The $1bn West African Gas Pipeline initiated as a project in 1982 and completed in 2007 was meant to do two things.
First it would encourage Royal Dutch Shell and Chevron to tap into a vast resource that since the onset of oil production in the 1960s has been wasted in the associated gas burning-off process known as flaring.
Second, it was to provide a cheap source of energy in a region starved of electricity, by connecting Nigeria’s western oil and gasfields to neighbouring Benin, Togo and Ghana.
A third byproduct was the novelty of such an infrastructural collaboration – between different states, private companies and multilateral finance institutions – and the victory this represented for regional integration.
The pipeline sputtered to delivery in 2009. But one flaw is that the first destination, before it crosses the Benin border, is Lagos – a city state that contributes about 12 per cent of Nigeria’s GDP, and whose economy alone is nearly twice as large as that of Ghana by recent estimates. After meeting the demands of Lagos, there is not much left for neighbouring states. Nigeria’s needs far surpass natural gas supplies.
This could be changing. But the recipe for driving the multibillion-dollar investments required has yet to be created.
Nigeria has among the largest reserves of gas in the world, but the state-owned power stations that accounted historically for the bulk of domestic demand were poor customers. When they were able to make payments, they paid fixed low prices, thereby discouraging the investment needed in infrastructure and supplies.
Private sector companies have poured billions of dollars into power stations and distribution companies over the past year as part of a programme to transfer control of electricity supplies into what the government hopes will be more efficient hands. A new generation of power stations built under state ownership, capable of nearly doubling generation capacity by 4,000MW, is due to come on stream.
These stations will more than double demand for gas. But industry officials say it could take up to four years for the infrastructure to be in place to provide the necessary gas feedstock to fire them up. For this to be viable it may in some cases require a change of government policy on pricing.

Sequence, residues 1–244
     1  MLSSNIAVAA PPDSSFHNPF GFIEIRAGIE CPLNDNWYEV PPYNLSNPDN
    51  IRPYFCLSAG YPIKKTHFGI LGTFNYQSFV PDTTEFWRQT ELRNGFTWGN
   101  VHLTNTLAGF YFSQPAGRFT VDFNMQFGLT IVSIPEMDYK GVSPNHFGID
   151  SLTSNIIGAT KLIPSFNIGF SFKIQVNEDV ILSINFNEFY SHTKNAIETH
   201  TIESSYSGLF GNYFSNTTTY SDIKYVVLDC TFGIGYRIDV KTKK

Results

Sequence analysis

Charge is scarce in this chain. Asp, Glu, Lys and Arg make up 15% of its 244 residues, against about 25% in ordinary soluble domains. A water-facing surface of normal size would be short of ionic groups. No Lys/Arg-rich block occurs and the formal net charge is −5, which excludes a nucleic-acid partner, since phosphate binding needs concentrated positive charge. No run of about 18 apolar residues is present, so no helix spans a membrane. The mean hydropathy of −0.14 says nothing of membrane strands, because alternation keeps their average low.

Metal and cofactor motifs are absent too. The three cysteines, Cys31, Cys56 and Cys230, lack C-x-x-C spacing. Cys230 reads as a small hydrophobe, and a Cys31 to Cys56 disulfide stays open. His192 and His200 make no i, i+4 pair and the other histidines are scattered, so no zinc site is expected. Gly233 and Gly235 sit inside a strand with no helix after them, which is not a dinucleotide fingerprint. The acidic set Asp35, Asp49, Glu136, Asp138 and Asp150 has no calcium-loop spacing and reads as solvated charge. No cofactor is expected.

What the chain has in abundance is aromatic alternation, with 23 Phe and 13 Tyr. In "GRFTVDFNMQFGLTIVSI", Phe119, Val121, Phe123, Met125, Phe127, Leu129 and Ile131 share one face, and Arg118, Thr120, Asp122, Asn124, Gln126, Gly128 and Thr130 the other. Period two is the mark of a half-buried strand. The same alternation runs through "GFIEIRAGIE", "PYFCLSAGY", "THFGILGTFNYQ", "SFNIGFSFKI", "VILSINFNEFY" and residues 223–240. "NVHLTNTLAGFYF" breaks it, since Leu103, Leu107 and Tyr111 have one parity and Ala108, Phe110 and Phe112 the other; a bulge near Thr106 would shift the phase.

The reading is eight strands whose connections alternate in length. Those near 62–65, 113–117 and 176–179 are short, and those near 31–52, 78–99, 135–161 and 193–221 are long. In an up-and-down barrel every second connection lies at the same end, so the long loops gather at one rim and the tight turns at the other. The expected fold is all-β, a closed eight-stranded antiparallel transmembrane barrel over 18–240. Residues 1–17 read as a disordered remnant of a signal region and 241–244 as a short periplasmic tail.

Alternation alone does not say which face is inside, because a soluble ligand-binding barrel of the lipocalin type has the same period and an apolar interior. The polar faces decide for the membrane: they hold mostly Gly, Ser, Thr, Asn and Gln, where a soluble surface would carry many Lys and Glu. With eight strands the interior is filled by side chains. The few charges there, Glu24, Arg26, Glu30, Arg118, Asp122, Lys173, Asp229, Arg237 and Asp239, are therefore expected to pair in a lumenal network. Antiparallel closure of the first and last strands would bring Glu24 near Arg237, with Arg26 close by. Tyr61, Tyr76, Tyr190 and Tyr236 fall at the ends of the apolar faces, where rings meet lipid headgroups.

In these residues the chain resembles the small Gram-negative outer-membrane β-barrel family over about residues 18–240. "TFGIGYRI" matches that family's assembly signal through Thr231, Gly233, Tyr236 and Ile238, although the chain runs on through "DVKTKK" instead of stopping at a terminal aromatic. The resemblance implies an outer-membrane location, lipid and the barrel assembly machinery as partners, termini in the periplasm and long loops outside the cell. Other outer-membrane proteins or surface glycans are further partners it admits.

People in the energy industry describe the lack of gas supply as the biggest problem when it comes to President Goodluck Jonathan’s electricity plans.
“Some of the newer power plants were built without all the necessary factors being in place, most importantly the source of gas,” says Andrew Ali, chief executive of the African Finance Corporation, a multibillion-dollar fund set up in Nigeria and focused on pan-African infrastructure investments.
The government has made some concessions recently on price. In the past, power stations paid as little as $1 per million British thermal units (Mbtu) for gas – a fraction of US or European prices. With the approval of the regulator, prices can now be as high as $2 or even $2.50 Mbtu.
That limited reform was enough to spur some change. Historically in Nigeria, oil companies did not develop fields thought to contain only gas. Where the international companies have developed gas supplies it has mostly been for export as LNG (liquefied natural gas) although Shell now also supplies gas for domestic power stations.
In 2009, Seven Energy, a local company, bought a field from Shell knowing it contained no oil at all. The company started supplying gas to a power plant in Akwa Ibom state last year.
Seven has been successful in raising international capital. Temasek, the Singaporean state-owned investment company, bought a $150m stake last month, and the International Finance Corporation, the
World Bank’s private-sector arm, injected $105m.
But Phillip Ihenacho, Seven’s chief executive, says that for some gas-to-power projects to become commercially viable, the set price would need to nearly double again. There is the thorny political issue of how to pay for infrastructure carrying supplies much longer distances, for example to stimulate industry in the economically depressed northern states.
“The investment required on the gas side is equal to that on the power side,” Mr Ihenacho says, stressing how illogical it is for a country so well endowed with natural gas to use more expensive energy.
“Nigeria is sitting on a huge gas bubble yet we are exporting gas and importing diesel – the most expensive way of generating electricity,” he says.
A further complication lies with the multinationals that still control most of the oilfields where gas is abundant, but whose main concern remains to export oil.
A five-year stalemate between the companies, the legislature and the government over a new bill designed to shake up the structure of the oil industry, is also holding up prospects for gas. Some in the industry argue that for the country’s potential to be fully realised will require the financial muscle of the multinationals.
“[The] economy could be growing at 12 per cent for a decade if it had a power industry with a reliable gas feedstock,” says a western diplomat. “There are no indigenous companies who can alone deliver the kind of resources needed.”